Here's the story. Hard to forget a name like Zickafoose. She's a very good writer by the way. :t:

http://juliezickefoose.blogspot.com/2008/08/swarovski-optik.html
 

[email protected]

Well-known member
Supporter
I have never poked around with armor much either. However, when I start hearing complaints, my curiosity is up, not trying to harpoon anybody for their complaint, but in my personal searches for duplication of the complaint, even with the same binocular, sometimes you are left wondering just what is up. But most armor is loose to some degree around the objective, sometimes maybe a bubble elsewhere.

There is a story about a lady who was doing some sort of article in which she got to go to the Swarovski factory. She had a EL, which they offered to inspect as necessary to illustrate the service warranty aspects of Swarovski. She surrendered her EL. the tech dug into the armor with fingers and proceeded to literally rip the armor from the binocular. The lady reported she nearly fainted at the sight. Looked briefly for it, but no luck.
Yes, I heard of that also and it is probably true. That is probably how they take it off. Just grab it and rip it off.
 

brocknroller

A professed porromaniac
United States
What would have happened if Zeiss made an SF 10X50? I frankly do not know....
...
Rolling Stone,

I could guess. Provided the optical quality was on par with the 8x and 10x42 SFs, the Zeiss 8x and 10x54 HT would be history. They already have a black mark against them with reports of spherical aberration, with only 4mm more aperture, I can't imagine too many people buying the HT unless the SF was priced significantly higher, the 8x and 10x54 HTs sell for $2,499.

If Zeiss expands the SF line upward, it would more likely be an 8x56 and 10x56 SF, though that seems unlikely since Zeiss said the SFs were made for birders, so more likely they would limbo lower with 8x and 10x32 SFs, which would sell much better.

Beatle Brock (guitar and vocals on the Beatles never released "Everyday Chemistry" album).
 
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HighNorth

Well-known member
North had some issues, North owns a Swaro, North has said even with the problems it's still the one he turns to. But you don't even acknowledge those comments. Running everyone elses binocular down doesnt make you are your swaro look any better. Nope, there's an agenda behind your postings.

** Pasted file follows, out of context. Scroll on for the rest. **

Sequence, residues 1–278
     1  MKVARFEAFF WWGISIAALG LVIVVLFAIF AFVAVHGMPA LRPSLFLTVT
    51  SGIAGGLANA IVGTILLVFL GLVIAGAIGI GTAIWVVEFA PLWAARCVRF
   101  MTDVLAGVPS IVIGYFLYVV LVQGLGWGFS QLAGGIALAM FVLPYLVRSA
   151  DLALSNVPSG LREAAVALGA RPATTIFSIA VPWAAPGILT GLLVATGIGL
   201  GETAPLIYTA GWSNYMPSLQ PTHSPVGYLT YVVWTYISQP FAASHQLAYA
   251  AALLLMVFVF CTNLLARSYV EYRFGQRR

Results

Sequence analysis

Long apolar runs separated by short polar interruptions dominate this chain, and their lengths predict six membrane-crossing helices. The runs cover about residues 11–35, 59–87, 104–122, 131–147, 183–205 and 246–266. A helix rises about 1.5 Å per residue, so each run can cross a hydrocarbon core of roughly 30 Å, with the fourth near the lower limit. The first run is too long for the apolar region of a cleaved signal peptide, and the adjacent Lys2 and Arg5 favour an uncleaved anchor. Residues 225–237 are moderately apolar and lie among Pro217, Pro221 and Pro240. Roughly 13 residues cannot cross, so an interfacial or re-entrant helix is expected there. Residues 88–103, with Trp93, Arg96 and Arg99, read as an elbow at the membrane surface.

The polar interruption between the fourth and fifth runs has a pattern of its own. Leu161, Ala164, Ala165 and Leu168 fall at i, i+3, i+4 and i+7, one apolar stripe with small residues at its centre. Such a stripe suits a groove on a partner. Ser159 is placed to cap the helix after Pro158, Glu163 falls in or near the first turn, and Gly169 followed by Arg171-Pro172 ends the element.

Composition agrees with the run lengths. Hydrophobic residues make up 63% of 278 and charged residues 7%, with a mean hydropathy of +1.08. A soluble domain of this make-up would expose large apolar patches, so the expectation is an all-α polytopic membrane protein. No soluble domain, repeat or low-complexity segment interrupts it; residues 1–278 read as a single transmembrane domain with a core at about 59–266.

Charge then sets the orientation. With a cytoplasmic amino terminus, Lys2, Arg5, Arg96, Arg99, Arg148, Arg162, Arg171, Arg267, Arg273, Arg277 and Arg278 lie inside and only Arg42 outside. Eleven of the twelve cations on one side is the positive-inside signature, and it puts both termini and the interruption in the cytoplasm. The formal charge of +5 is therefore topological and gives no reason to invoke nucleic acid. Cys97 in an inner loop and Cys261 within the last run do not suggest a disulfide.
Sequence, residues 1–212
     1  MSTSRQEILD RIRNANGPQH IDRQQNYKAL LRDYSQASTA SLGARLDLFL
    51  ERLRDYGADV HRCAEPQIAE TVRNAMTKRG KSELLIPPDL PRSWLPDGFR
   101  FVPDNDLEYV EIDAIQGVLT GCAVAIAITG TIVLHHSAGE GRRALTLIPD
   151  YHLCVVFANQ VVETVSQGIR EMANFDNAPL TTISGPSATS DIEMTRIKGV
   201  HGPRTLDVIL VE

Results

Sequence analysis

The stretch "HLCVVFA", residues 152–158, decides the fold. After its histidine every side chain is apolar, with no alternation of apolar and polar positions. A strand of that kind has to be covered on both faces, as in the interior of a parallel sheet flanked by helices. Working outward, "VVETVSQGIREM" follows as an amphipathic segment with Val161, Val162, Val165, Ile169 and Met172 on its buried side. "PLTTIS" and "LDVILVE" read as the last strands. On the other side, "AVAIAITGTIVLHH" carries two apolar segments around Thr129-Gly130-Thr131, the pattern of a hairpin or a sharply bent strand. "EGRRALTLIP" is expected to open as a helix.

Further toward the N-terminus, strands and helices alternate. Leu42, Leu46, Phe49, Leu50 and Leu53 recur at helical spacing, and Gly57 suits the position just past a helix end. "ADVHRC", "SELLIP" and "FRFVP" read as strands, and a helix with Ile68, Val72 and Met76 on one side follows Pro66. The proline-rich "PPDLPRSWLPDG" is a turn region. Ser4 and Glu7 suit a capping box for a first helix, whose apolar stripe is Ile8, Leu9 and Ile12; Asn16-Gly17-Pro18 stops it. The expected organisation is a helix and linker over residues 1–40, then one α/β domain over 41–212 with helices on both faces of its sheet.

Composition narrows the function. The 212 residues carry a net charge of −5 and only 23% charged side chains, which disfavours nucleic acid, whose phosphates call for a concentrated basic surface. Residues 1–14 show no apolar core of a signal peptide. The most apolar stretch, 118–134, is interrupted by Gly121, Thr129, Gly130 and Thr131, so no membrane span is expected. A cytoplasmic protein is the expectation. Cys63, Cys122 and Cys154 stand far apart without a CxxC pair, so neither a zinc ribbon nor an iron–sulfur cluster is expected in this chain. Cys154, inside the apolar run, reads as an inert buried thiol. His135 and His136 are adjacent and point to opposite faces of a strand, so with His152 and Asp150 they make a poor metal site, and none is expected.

You are unfathomably correct Perterra! I also have to add that I don't just own any Swaro, but the vaunted 8x32 EL SV, a.k.a "the best binocular in the world" according to a certain poster! ;)

HN
 

Gijs van Ginkel

Well-known member
Jerry, post 125,
The crystal division of Swarovski is much much larger than the Swarovski optical division let alone the enormous Tyrolit division, which is also part of the large Swarovski company.
Gijs van Ginkel
 

ceasar

Well-known member
Loose armour - seen 6 samples never seen any problems with loose armour

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Eyecups - ....................... What I did have with the Swaro is the rubber bit linked to the metal bit (tech speak!) distorts a lot on the metal after a while and spins or worse still you look down and it's gone lying next to the Trogon you never saw!

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If anyone was reading this and thinking of buying an SF they would be sorely mistaken thinking there were problems that swaro will never have, there is often a blind loyalty to the old faithful green machine! (I should say Swaro are very good too!....not as good as the SF for my needs though!;))




Did anyone else ever have the problem Simple describes above with the Swarovski eye cups?

I have an eyecup on my 8x30 SLC where the rubber ring on it has come loose and spins when I try to tighten it. If I squeeze it hard I can tighten it.

This came about when I was changing the eye cups to use the optional winged eye cups I have for it.

Is it possible to pull it off an re-glue it to its original tightness or should I contact SONA and purchase another one to replace it while they still have them in stock for this discontinued binocular?

Bob
 

simple

Inglorious Bustards
Did anyone else ever have the problem Simple describes above with the Swarovski eye cups?

I have an eyecup on my 8x30 SLC where the rubber ring on it has come loose and spins when I try to tighten it. If I squeeze it hard I can tighten it.

This came about when I was changing the eye cups to use the optional winged eye cups I have for it.

Is it possible to pull it off an re-glue it to its original tightness or should I contact SONA and purchase another one to replace it while they still have them in stock for this discontinued binocular?

Bob

I had those Bins once - pretty good ! Yeah you should be able to get a replacement rather than glue it, I always run scared of glueing anything on optics if I can avoid it!

It is also likely that the rubber itself has become distorted and damaged due to exposure to the world! so I would get a replacement. Don't the rubber rings on the EL and new SLC fit anyway? Can't recall!